The wizarding world of Harry Potter created by J.K. Rowling, and translated beautifully to the screen in a miracle of continuity and creativity over the course of the aughts, is a wondrous achievement. Fantastic Beasts and Where to Find Them is not. While a plot that involves a hate group speaking out against “the other,” bureaucratic shakeup, fearmongering, and misinformation may seem especially relevant in November 2016 – there’s even a guy named Newt – Fantastic Beasts can’t find a through-line. Impressive visuals aren’t enough to distract from the messy storytelling.
Billy Lynn’s Long Halftime Walk covers very little ground. In juxtaposing the experience of the Iraq War with perceptions of it back home and the commodification of heroic soldiers, the film becomes what it’s attempting to call out. It’s an empty, impassive, short-sighted view of the complexities of war and how it affects combatants and their reactions to populist opinion.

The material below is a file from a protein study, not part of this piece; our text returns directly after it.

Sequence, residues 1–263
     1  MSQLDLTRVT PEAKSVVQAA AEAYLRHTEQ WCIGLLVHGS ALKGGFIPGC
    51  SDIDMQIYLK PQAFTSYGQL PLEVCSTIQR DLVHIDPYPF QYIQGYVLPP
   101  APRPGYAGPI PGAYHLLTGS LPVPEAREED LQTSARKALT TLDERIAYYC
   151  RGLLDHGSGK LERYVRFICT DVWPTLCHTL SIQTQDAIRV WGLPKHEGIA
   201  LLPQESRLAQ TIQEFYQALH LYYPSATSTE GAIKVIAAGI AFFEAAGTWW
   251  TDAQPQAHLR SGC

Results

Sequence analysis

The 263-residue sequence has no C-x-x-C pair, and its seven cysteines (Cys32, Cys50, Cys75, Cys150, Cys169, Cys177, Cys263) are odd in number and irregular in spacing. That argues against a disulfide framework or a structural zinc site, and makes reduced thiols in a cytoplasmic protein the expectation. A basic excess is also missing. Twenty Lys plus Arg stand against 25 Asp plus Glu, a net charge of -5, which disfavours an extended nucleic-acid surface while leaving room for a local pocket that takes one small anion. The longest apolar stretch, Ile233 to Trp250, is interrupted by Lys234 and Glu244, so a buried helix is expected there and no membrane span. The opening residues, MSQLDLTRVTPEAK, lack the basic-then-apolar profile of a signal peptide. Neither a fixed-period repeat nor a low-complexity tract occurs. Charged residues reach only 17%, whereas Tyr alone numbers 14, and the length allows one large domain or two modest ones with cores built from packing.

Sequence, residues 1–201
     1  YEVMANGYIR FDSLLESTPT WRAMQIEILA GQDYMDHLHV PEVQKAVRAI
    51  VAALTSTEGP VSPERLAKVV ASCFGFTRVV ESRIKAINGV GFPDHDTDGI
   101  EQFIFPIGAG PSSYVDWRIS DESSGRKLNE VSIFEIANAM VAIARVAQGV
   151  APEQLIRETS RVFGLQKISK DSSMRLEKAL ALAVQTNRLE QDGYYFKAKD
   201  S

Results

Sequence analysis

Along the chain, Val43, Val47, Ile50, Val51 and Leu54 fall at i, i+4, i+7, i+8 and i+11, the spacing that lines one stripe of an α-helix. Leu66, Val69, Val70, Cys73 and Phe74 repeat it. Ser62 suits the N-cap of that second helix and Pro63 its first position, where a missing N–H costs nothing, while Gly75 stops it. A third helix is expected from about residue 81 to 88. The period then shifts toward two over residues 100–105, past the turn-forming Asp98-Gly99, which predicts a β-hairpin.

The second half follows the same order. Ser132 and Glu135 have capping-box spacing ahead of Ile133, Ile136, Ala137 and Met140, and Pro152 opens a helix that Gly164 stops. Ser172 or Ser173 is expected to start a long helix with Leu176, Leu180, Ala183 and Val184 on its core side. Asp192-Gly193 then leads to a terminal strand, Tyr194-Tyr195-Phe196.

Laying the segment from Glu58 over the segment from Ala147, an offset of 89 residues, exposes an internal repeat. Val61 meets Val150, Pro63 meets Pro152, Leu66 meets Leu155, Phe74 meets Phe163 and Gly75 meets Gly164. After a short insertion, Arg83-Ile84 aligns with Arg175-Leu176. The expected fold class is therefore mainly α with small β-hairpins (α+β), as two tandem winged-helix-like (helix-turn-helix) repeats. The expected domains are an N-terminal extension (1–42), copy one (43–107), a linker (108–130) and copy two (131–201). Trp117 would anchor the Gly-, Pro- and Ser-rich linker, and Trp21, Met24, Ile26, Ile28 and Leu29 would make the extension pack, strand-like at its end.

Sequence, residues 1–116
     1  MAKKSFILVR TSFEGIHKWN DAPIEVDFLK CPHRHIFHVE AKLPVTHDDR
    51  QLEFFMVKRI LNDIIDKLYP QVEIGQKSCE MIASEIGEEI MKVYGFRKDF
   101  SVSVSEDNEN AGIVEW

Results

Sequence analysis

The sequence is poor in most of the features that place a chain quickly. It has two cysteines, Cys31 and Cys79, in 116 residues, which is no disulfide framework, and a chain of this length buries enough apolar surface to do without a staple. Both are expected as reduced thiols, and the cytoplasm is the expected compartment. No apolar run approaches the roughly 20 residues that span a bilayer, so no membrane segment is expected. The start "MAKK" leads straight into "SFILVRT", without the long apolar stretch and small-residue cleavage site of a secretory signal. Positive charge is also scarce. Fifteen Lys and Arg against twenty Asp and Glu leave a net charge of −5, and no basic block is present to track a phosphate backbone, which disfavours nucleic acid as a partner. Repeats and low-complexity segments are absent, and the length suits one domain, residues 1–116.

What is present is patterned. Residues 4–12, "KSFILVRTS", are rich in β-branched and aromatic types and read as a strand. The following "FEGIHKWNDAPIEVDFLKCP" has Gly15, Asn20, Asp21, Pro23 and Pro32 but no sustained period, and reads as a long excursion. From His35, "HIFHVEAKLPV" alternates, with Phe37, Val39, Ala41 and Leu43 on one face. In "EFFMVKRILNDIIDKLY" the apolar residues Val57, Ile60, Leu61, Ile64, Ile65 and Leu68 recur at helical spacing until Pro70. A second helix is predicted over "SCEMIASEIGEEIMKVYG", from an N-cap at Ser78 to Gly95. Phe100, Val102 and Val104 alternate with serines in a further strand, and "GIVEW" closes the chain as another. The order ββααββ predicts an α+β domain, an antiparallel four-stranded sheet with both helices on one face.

In Nocturnal Animals Tom Ford blends the contemporary coldness of Nicolas Winding Refn with a gritty, modern Texas Western. Results are mixed. Actually, “blends” probably isn’t the best way to describe the mashing of aesthetics because each remains too disparate to have a meaningful influence on the other. The second film from the fashion designer, following 2009’s A Single Man, is pretty and polished, but ultimately flavorless.
Vinny Pazienza made one of the greatest comebacks in sports history, overcoming a broken neck to continue a successful boxing career. That comeback included fights with Roberto Duran, the subject of Hands of Stone, another boxing bio from earlier this year. Their “Duel in the Desert” is fodder for one of many timeworn conventions in Bleed for This, a tale of redemption that’s unique because of its protagonist’s struggle, but doesn’t quite shake the feeling of familiarity.
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